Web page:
These visions of an alternative more righteous future are partly visions of the differences being and doing as prescribed will make, and partly visions of differences to be made by other favorable influences.

And of course all social ethical reflection is founded upon the metaphysical presupposition that being-becoming-doing differently makes at least some difference,
upon the metaethical presupposition that we ought to prefer some differences over others, namely, we ought to prefer making righteous differences--differences contributing to the good, to shared well-being.

Two notes are in order:

First, please note that values and value judgments play a critical role in all social analysis. The selection of interpretive themes is an existential value laden decision. And as liberation and black theologians have frequently reminded us, such value laden decisions are frequently a function of social location and narrow self-interest. For imaginary example: If I were tenured at the Nikki shoe company, I might select to interpret the world in terms of feet and shoes. Shoes would be a major interpret e theme for my social analytic work. Similarly, the selection of a population or circle of concern is a function of valuing some selected population(s) over other populations. Moreover, even the most flat footed descriptions and predictions include at least implicit evaluations of the importance and goodness or badness of the circumstances described and predicted. These heavily value laden selections should be subject to critical ethical inquiry.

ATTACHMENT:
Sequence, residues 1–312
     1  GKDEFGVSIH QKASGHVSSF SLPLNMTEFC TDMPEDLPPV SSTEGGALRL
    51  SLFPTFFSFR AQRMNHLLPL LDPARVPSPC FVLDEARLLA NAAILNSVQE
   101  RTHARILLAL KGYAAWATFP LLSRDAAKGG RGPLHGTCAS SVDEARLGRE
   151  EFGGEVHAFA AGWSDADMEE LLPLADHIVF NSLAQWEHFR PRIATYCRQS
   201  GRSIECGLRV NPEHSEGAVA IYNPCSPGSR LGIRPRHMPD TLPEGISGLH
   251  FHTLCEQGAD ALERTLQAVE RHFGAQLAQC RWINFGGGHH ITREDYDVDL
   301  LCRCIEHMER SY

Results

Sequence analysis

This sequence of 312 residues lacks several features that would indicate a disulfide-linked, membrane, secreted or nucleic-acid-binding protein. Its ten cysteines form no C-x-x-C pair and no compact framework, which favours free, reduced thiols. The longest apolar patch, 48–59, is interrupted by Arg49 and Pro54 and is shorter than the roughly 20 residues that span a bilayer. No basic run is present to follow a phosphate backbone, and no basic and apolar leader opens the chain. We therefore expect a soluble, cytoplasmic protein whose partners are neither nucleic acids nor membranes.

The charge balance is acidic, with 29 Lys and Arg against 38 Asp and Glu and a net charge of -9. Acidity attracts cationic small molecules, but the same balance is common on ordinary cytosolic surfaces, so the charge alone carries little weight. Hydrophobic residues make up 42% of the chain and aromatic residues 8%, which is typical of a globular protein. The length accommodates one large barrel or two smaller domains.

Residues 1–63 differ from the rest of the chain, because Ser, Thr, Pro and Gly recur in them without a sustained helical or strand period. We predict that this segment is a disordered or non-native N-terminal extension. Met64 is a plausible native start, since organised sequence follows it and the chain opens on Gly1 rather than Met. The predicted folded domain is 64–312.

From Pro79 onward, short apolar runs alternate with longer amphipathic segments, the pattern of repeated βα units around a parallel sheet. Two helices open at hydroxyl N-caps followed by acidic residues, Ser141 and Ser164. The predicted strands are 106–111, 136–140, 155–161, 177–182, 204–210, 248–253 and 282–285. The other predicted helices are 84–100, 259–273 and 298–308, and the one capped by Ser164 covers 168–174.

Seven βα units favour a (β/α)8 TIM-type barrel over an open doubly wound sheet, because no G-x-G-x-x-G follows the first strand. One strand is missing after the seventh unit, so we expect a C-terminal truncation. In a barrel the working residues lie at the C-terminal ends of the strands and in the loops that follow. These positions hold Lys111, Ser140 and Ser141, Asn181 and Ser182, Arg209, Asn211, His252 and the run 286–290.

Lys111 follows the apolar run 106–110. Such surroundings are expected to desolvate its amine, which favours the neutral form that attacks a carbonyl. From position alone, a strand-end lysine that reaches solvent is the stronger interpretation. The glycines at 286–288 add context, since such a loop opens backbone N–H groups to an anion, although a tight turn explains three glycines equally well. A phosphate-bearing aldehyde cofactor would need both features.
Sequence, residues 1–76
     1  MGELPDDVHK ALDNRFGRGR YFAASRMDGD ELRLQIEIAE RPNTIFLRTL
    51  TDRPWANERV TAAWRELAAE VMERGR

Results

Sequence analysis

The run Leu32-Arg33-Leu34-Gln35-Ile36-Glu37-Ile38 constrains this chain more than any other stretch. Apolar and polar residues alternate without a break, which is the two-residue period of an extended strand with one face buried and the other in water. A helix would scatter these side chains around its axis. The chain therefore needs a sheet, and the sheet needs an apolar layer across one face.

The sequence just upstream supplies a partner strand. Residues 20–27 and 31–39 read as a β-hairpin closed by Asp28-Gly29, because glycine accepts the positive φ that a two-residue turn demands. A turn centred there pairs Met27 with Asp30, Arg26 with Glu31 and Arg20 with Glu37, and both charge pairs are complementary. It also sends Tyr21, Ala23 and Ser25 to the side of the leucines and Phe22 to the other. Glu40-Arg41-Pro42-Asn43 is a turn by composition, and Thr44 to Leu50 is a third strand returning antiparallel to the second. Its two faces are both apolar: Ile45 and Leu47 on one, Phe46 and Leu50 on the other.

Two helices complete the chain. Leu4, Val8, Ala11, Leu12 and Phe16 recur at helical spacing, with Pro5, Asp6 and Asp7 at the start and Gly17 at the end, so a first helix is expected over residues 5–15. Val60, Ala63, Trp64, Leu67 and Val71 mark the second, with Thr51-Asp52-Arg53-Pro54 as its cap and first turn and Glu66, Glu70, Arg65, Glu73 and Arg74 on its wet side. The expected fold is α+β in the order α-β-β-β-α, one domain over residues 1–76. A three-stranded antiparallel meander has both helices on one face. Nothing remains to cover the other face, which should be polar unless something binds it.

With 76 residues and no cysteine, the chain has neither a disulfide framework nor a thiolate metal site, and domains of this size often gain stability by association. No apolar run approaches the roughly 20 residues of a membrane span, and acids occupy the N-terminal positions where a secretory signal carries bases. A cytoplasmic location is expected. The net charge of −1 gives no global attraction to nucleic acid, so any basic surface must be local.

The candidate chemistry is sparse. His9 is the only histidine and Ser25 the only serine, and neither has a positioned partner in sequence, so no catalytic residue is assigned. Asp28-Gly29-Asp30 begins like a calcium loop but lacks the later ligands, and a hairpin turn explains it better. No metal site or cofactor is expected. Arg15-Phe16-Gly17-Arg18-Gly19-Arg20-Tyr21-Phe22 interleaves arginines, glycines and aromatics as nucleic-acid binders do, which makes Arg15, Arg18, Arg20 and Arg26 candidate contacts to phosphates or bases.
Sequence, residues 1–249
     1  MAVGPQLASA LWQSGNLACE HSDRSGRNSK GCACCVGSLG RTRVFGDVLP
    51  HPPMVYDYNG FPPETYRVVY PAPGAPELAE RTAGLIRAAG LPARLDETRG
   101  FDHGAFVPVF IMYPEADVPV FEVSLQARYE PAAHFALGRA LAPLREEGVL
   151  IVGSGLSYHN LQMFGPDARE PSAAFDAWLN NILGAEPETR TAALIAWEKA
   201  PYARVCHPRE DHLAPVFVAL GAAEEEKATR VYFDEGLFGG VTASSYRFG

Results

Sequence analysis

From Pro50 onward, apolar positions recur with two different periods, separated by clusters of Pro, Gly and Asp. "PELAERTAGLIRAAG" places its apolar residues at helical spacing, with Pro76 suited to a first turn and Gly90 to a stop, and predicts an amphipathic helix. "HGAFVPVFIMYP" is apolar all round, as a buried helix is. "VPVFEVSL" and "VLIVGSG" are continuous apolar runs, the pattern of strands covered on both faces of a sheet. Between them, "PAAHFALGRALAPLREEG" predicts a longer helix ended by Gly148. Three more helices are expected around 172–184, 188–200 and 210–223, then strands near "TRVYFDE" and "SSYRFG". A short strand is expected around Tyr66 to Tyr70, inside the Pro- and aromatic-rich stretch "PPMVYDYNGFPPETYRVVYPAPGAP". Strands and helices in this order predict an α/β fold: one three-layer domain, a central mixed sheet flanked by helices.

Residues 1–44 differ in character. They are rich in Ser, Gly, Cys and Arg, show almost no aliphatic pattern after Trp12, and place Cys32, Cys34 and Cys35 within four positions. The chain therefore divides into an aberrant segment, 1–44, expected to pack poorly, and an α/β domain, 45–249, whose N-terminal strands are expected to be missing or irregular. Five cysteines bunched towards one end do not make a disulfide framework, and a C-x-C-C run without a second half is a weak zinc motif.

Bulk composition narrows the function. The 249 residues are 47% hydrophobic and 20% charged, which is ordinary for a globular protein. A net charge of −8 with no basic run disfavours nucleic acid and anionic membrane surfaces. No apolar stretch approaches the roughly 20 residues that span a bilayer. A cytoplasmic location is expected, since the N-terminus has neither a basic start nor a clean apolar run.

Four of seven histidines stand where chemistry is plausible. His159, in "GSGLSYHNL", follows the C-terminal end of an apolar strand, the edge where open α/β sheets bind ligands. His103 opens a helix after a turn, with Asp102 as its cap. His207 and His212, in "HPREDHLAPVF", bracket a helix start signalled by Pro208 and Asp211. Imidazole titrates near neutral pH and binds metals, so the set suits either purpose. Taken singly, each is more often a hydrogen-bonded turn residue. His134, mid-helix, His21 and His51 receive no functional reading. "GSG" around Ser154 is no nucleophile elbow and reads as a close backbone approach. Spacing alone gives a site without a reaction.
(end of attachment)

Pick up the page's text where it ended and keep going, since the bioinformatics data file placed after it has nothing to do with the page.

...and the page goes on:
Secondly, please note that social analytic method can apply to individuals as well as to social groups. The circle of concern or population could be a single individual. And if physical health were the interpretive theme, then we could employ social analytic method in the practice of medicine. Then instead of saying description, we would say diagnosis. Instead of prediction, we would say prognosis. And instead of vision, we would say alternative prognosis, given the efficacy of the prescription or therapy.

Also, one can analyze the social ethical components of a book or essay. One could look at a book, say BLACK ELK SPEAKS, or a letter, say Paul's letter to the Corinthians, and seek to identify the main interpretive themes, the circles of concern, the descriptions of previous and contemporaneous circumstances, implicit and explicit predictions, and implicit and explicit prescriptions for changing the predicted future to an alternative future envisioned as more righteous.

So be it here-now noted, social ethical analysis has various applications and ranges of possible use.

If in fact these are basic elements of social ethical analysis (interpretations, populations, descriptions, predictions, visions, prescriptions, values), and if we are well served by attention to these basic elements; then attention to metaphysical resources has contributed to social scientific and social ethical inquiry because my seeing these basic elements is much indebted to neoclassical-process-pragmatic resources, especially those resources calling for attention to temporal distinctions.


When I teach "Process Theology and Social Ethics," usually my Christian students are most profoundly helped by Charles Hartshorne's understanding of love.

Remember for Hartshorne love is not mere sentimental heart throbbings for the other; instead, love is being positively related to the ups and downs of the other.